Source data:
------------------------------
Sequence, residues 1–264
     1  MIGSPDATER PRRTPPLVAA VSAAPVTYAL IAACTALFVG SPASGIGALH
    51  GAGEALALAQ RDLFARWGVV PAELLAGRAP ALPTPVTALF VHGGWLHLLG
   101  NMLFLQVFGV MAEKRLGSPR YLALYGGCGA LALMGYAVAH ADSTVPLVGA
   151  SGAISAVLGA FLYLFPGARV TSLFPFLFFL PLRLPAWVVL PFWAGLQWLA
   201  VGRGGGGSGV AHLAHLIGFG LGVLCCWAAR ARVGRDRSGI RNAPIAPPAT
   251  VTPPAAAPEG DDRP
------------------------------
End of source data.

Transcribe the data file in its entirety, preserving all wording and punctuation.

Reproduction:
Sequence, residues 1–264
     1  MIGSPDATER PRRTPPLVAA VSAAPVTYAL IAACTALFVG SPASGIGALH
    51  GAGEALALAQ RDLFARWGVV PAELLAGRAP ALPTPVTALF VHGGWLHLLG
   101  NMLFLQVFGV MAEKRLGSPR YLALYGGCGA LALMGYAVAH ADSTVPLVGA
   151  SGAISAVLGA FLYLFPGARV TSLFPFLFFL PLRLPAWVVL PFWAGLQWLA
   201  VGRGGGGSGV AHLAHLIGFG LGVLCCWAAR ARVGRDRSGI RNAPIAPPAT
   251  VTPPAAAPEG DDRP